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Sasko Lazarov
Sex Offences

Bill proposes cross-examining people who give character references for sex offenders

“What is the relevance of somebody being a great footballer? There has to be a relevance to it,” Regina Doherty said of her bill.

A BILL IS to be introduced to the Seanad in the next couple of weeks that would see character references for sexual offenders being submitted under oath, which would allow the prosecution to cross examine those that submit character references.

As it stands, written character references are submitted to the court after a verdict is given. The aim of character references are to lessen the sentence the judge would hand down for the crime committed.

As character references are not submitted under oath, there is no statutory obligation on them to be truthful, and they are not able to be interrogated by the prosecution. 

Leader of Seanad Éireann and Fine Gael Senator Regina Doherty has proposed the bill, after months of working with Noeline Blackwell of the Dublin Rape Crisis Centre.

The bill will apply to both sexual and violent crimes; Doherty said sexual and violent crimes against women are the most common cases where character references are used. 

Doherty told The Journal that the bill came about following a number of high-profile cases over the years, where character references were submitted in favour of sex offenders.

This can, and often does, retraumatise the sex offender’s victim, Doherty said.

She said that when character references are submitted, it is usually on behalf of the person “who is just found guilty, and has jarred with every woman and sensible man in the country”.

She said that the need for character references should be questioned, as “we shouldn’t have a need for them – sure to god [sentencing] should be based on the crime you’ve been found guilty of”. 

What is the relevance of somebody being a great footballer? There has to be a relevance to the information given.
I don’t care how good a footballer you are, and it doesn’t make it ok to me that you may have had ‘five minutes out of character’ – I don’t really care. If you’re a rapist, you’re a rapist.

Whether “you’ve a local bishop or GAA president telling you how great he used to be”, shouldn’t matter, she added.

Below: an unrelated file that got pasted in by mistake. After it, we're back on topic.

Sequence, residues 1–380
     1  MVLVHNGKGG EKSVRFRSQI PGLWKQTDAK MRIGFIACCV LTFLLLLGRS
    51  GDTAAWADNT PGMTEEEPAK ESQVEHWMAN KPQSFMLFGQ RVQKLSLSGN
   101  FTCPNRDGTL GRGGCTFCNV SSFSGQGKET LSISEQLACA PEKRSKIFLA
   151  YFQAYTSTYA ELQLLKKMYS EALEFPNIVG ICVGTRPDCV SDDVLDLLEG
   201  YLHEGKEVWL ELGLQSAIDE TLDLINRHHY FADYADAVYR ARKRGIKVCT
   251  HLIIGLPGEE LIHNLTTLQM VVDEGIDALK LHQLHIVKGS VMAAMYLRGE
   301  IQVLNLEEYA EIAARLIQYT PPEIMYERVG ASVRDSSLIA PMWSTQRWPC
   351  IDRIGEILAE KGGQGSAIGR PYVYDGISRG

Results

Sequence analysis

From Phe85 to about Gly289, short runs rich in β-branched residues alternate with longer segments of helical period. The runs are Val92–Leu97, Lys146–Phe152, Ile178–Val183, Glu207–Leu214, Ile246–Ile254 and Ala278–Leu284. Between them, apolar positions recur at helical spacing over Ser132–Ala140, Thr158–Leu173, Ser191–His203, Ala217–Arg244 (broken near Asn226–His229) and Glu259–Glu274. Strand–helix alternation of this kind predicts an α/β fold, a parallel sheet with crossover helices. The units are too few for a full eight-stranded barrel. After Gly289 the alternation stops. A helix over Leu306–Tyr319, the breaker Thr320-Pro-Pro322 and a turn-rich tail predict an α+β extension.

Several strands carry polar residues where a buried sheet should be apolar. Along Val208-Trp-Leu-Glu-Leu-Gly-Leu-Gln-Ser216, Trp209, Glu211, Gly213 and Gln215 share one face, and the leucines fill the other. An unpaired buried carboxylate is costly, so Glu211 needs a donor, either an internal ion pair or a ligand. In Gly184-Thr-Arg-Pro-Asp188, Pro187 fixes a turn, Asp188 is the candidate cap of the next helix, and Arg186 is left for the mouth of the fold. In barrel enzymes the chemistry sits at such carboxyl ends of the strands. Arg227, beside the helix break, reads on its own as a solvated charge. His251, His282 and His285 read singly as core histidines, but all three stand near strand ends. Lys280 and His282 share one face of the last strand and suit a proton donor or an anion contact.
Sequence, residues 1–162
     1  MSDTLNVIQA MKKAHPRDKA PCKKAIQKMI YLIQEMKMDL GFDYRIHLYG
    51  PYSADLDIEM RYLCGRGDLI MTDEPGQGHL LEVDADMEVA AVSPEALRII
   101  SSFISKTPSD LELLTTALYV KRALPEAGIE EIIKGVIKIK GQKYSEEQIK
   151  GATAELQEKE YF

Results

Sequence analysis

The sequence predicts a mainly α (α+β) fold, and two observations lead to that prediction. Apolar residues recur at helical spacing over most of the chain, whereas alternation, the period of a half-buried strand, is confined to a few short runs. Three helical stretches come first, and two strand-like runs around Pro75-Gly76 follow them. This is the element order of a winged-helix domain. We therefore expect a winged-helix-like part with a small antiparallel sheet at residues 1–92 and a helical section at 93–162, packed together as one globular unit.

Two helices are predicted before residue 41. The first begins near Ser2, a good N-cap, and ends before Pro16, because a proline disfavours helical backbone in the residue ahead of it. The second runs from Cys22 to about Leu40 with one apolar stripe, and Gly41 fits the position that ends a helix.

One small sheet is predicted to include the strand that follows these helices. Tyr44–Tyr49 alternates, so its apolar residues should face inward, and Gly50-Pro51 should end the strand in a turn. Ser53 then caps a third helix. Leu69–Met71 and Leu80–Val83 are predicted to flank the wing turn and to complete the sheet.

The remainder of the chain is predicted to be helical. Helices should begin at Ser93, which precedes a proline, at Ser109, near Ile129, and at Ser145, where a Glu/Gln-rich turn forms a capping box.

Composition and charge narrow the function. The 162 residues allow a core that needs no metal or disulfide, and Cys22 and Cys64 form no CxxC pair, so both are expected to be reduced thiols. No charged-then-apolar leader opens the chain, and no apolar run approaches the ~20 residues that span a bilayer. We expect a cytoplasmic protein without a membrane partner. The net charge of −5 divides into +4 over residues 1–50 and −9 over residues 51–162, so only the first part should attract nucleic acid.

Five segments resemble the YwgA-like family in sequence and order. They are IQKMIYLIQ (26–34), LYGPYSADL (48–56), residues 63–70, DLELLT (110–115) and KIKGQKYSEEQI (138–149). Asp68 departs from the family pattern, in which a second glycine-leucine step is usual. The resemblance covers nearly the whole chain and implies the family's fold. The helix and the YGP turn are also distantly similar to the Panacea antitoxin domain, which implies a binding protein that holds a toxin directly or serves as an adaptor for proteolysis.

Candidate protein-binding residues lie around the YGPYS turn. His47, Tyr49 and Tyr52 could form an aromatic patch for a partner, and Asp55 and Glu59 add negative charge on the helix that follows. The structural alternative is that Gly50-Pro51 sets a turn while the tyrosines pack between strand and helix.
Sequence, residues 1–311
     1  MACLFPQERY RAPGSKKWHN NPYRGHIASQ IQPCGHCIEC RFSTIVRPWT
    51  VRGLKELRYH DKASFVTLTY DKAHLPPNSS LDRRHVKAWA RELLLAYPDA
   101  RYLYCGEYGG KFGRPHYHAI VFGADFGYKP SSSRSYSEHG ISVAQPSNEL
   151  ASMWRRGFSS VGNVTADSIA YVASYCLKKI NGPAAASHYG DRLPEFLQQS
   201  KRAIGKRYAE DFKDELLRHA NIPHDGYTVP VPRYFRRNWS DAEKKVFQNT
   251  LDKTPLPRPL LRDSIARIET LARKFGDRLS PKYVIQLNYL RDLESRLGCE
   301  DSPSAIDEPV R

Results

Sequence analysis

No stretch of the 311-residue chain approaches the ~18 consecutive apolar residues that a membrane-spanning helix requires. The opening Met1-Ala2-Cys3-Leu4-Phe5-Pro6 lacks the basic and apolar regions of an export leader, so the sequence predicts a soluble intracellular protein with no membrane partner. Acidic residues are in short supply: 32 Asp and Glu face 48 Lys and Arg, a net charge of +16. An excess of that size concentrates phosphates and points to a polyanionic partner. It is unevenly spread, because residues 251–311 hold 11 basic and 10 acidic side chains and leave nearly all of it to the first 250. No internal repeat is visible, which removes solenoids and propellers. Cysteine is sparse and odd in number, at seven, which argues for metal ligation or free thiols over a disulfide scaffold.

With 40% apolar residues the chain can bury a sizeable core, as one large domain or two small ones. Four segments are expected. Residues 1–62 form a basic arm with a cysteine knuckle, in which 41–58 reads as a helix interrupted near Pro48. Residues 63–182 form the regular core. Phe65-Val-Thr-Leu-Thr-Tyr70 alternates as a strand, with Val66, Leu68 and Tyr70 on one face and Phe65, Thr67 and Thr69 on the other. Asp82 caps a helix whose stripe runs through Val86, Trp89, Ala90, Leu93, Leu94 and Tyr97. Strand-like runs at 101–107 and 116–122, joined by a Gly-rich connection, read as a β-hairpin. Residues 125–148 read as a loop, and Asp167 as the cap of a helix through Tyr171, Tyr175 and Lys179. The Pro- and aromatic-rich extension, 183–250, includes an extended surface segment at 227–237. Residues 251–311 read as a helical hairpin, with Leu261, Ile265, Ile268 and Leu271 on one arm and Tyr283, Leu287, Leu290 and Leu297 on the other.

Doherty said that when sentencing someone, both the offence and the offender are considered, so different backgrounds may lead to widely varied sentences.

She added that this “belies the offence you’ve just committed”, if a sentence for sexual assault is mitigated, for example, for a “white collar worker who has friends in high places”. 

Character references can be used to show that a crime might have been “out of character” or that the person experienced a lapse in judgement, and Doherty has said she has been told that judges “don’t give any mind to them”.

“But they have to be held in some stock if they’re allowed to continue to happen,” she said.

They should be brought under oath, they have to be able to be challenged. And so this Bill would do two things: one, is make sure any referee gives character references as evidence under oath, and two is that the character reference can be challenged.

Character references can still be submitted in written format, with the idea that the person who submits them, the referee, would then be summoned to court to be cross examined on that reference by the prosecution.

The hope is that people will think twice about giving references, and that it will empower the vicitm to ask and challenge the references – it might be less traumatising and less intimidating for them.  

Doherty said that she would be introducing the bill to the Seanad “in next couple of weeks”. 

The bill was revealed today alongside co-sponsors of the bill: the deputy leader of Seanad Éireann, Fianna Fáil’s Lisa Chambers, and the Green Party Senator Pauline O’Reilly. 

Doherty said that it was ”unique” that the three parties have three female leaders in the Seanad, and that it shows “the three of us are listening, and our respective parties are listening”.

“My Fine Gael colleagues are happy, and the minister responded as positive,” she said, adding that the bill could be amended, but that the premise of it “is a good one”. 

The legislation is called the Criminal Justice (Amendment) Bill 2022.

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